The concept of "wicked problems
" was originally proposed by Horst Rittel
(a pioneering theorist of design and planning, and late professor at the University of California, Berkeley
) and M. Webber in a seminal treatise for social planning
, Rittel expounded on the nature of ill-defined design and planning problems which he termed "wicked" (that is, messy, circular, aggressive) to contrast against the relatively "tame" problems of mathematics
, or puzzle
Wicked problems have incomplete, contradictory, and changing requirements; and solutions to them are often difficult to recognize as such because of complex interdependencies. Rittel and Webber stated that while attempting to solve a wicked problem, the solution of one of its aspects may reveal or create other, even more complex problems.
Related concepts – messes and social messes
Russell L. Ackoff
wrote about complex problems as messes: “Every problem interacts with other problems and is therefore part of a set of interrelated problems, a system of problems…. I choose to call such a system a mess.”
Extending Ackoff, Robert Horn, a Visiting Scholar at Stanford University, says that “a Social Mess is a set of interrelated problems and other messes. Complexity—systems of systems—is among the factors that makes Social Messes so resistant to analysis and, more importantly, to resolution.”
Classic examples of wicked problems include economic
, and political
issues (for an extreme case, consider what it would take to "solve" terrorism
, where even the term terrorism
is highly controversial and difficult to define). A problem whose solution requires large groups of individuals to change their mindsets and behaviors is likely to be a wicked problem. For examples of analyses of world-scale wicked problems, you can read about the work done by the Millennium Project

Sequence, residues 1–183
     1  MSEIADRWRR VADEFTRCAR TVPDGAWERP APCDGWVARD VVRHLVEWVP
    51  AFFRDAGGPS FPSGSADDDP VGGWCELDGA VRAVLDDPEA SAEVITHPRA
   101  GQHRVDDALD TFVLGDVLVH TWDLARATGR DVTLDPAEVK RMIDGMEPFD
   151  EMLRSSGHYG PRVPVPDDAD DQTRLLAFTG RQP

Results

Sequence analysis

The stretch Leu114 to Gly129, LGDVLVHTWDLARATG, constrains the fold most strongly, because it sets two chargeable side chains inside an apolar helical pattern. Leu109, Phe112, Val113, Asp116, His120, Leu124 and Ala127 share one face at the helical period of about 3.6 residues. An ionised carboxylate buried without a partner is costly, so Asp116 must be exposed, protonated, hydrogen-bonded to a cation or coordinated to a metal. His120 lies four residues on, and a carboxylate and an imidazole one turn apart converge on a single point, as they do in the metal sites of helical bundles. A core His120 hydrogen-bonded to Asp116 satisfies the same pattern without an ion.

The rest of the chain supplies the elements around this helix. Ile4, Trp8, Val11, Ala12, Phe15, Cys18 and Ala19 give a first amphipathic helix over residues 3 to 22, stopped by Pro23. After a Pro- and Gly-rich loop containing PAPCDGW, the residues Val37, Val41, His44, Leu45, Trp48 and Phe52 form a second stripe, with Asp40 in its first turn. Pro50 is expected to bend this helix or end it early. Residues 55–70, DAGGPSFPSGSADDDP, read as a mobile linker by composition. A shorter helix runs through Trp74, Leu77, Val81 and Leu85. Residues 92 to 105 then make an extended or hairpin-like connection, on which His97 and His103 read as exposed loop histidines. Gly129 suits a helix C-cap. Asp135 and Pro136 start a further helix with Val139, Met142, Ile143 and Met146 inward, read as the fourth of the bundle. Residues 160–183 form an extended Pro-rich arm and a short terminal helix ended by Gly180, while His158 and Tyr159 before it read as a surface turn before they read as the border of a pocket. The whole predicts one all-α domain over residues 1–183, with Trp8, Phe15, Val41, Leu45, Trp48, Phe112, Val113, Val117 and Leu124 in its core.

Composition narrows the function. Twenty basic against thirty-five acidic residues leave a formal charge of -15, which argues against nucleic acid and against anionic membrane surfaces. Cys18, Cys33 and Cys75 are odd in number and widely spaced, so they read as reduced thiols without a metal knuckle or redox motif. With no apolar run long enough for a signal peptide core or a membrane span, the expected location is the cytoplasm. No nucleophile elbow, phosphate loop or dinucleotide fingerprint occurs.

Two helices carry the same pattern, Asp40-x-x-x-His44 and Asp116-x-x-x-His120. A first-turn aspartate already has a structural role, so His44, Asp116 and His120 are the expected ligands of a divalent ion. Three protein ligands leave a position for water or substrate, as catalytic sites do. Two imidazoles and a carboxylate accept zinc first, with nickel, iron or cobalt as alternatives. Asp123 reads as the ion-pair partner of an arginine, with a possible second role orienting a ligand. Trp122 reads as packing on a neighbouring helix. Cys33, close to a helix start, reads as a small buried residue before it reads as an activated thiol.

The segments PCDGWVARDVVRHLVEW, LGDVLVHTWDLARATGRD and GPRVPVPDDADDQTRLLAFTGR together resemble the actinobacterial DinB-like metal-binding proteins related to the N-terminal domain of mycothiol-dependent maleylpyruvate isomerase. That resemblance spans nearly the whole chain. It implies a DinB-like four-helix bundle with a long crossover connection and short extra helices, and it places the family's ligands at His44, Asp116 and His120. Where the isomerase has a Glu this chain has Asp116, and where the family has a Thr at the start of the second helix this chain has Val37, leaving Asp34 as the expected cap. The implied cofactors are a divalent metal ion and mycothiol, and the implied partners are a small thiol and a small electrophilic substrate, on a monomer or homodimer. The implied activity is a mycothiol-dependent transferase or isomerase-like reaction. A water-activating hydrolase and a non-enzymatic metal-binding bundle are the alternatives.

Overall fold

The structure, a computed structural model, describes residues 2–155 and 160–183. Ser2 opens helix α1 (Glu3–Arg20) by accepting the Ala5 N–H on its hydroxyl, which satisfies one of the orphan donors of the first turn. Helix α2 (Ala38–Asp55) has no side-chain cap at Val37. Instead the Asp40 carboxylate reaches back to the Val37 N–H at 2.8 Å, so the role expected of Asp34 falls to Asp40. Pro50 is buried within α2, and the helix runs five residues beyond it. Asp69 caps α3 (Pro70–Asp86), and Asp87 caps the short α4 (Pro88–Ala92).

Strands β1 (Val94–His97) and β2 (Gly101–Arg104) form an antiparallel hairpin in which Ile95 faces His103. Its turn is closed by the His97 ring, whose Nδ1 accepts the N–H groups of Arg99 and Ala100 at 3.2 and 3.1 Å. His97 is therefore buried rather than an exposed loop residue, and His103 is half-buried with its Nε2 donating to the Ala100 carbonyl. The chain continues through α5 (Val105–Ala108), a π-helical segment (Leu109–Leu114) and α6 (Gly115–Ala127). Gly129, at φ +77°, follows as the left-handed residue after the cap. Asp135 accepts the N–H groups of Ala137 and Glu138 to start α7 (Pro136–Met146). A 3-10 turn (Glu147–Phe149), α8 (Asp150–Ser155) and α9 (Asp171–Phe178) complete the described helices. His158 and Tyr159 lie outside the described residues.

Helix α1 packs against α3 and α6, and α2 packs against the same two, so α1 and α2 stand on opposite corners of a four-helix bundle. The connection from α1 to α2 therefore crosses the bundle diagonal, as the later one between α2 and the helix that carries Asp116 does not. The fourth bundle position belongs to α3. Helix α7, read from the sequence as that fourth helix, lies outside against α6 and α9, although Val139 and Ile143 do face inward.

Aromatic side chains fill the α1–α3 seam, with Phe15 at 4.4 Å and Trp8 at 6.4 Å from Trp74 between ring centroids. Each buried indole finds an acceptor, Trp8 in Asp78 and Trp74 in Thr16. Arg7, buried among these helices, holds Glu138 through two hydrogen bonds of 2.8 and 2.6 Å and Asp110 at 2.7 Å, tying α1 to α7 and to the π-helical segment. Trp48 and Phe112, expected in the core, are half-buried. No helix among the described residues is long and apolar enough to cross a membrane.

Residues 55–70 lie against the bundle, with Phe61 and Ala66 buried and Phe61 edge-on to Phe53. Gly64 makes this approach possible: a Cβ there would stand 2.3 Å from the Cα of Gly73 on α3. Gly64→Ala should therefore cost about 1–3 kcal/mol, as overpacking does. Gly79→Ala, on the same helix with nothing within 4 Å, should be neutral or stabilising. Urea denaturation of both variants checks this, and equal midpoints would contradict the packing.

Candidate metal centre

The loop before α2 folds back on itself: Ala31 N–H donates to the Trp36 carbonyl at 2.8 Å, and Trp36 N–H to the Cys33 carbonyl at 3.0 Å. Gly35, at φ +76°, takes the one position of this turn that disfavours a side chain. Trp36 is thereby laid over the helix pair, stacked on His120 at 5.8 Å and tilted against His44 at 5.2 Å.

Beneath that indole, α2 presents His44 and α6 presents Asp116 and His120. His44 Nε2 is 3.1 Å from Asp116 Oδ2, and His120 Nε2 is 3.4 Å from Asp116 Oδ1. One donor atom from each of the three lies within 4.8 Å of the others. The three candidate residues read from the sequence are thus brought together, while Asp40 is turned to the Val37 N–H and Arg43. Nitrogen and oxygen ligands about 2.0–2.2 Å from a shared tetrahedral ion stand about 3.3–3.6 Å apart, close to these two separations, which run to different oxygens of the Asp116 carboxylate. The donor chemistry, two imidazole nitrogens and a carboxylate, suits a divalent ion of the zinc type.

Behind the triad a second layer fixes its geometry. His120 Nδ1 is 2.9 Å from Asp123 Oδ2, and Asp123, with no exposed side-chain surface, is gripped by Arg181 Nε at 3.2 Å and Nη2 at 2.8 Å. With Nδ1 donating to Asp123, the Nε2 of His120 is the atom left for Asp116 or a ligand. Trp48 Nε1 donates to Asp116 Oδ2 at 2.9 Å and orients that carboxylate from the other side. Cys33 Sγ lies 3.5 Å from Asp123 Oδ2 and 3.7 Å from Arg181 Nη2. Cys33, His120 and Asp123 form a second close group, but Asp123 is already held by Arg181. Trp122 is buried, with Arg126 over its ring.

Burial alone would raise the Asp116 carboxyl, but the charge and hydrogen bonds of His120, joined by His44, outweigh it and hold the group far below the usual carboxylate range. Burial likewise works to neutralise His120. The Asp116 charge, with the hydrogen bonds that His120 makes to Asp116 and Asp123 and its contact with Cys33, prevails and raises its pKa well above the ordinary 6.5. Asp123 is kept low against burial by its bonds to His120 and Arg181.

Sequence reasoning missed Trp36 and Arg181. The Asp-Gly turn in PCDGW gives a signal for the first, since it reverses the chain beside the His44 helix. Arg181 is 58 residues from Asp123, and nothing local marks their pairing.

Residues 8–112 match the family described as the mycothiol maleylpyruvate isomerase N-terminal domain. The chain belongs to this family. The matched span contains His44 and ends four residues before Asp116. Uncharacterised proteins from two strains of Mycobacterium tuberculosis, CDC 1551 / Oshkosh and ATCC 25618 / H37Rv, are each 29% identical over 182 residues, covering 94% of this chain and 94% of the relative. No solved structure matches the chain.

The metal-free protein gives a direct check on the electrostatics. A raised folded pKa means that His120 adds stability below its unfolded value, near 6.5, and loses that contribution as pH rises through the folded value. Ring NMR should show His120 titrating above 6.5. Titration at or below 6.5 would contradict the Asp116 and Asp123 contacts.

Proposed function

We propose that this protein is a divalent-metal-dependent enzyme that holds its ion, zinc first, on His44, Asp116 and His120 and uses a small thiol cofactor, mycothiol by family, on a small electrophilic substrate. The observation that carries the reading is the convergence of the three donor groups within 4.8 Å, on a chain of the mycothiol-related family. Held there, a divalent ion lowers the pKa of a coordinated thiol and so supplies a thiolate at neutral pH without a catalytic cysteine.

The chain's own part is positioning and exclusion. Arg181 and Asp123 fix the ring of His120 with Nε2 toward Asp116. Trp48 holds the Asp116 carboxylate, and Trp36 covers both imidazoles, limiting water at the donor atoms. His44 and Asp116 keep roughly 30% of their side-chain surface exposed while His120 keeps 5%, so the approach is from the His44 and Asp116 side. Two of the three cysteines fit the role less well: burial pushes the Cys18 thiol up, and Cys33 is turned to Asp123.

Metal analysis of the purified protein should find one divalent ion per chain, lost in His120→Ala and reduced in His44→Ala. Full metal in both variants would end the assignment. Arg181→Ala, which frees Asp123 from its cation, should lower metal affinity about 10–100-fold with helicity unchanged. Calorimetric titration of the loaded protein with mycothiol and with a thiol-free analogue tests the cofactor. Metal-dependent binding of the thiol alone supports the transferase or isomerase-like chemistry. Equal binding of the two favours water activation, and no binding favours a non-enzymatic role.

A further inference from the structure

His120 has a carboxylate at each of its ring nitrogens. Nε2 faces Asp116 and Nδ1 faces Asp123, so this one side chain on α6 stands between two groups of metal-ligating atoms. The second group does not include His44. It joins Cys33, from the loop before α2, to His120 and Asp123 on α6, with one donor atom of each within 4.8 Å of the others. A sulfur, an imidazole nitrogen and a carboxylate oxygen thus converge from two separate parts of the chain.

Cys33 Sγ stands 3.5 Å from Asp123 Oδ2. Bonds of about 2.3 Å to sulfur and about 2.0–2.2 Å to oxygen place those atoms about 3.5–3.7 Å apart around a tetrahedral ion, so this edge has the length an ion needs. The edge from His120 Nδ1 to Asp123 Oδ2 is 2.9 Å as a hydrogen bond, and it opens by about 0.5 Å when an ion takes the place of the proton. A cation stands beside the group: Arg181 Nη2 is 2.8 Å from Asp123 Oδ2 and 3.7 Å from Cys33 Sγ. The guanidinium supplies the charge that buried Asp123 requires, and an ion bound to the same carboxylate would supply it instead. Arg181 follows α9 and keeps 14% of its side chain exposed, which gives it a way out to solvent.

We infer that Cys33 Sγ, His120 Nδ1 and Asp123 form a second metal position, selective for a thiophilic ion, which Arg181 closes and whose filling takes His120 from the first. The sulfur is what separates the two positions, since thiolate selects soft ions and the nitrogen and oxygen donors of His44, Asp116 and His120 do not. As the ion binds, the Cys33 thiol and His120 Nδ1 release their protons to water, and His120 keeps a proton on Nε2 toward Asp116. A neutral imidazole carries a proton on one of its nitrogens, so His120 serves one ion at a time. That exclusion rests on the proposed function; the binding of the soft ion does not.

, originally under the auspices of the American Council of the United Nations University.
According to Horn, specific examples of wicked problems (or social messes) include issues such as: global climate change; healthcare in the United States and elsewhere; the AIDS epidemic, and perhaps other emerging diseases; pandemic influenza; international drug trafficking; homeland security, and nuclear energy and waste. In the United States, wicked problems at the national, state and local levels include drugs, crime, mental health, education, poverty, urban decay and issues related to the foregoing list.
Horst Rittel and Melvin Webber
Rittel and Webber's (1973) formulation of wicked problems specifies ten characteristics, perhaps best considered in the context of social policy planning. According to Ritchey (2007), the ten characteristics are:
- There is no definitive formulation of a wicked problem.
- Wicked problems have no stopping rule.
- Solutions to wicked problems are not true-or-false, but better or worse.
- There is no immediate and no ultimate test of a solution to a wicked problem.
- Every solution to a wicked problem is a "one-shot operation"; because there is no opportunity to learn by trial-and-error, every attempt counts significantly.
- Wicked problems do not have an enumerable (or an exhaustively describable) set of potential solutions, nor is there a well-described set of permissible operations that may be incorporated into the plan.
- Every wicked problem is essentially unique.
- Every wicked problem can be considered to be a symptom of another problem.
- The existence of a discrepancy representing a wicked problem can be explained in numerous ways. The choice of explanation determines the nature of the problem's resolution.
- The planner has no right to be wrong (planners are liable for the consequences of the actions they generate).
According to Conklin, the four defining characteristics of wicked problems are:
- The problem is not understood until after formulation of a solution.
- Stakeholders have radically different world views and different frames for understanding the problem.
- Constraints and resources to solve the problem change over time.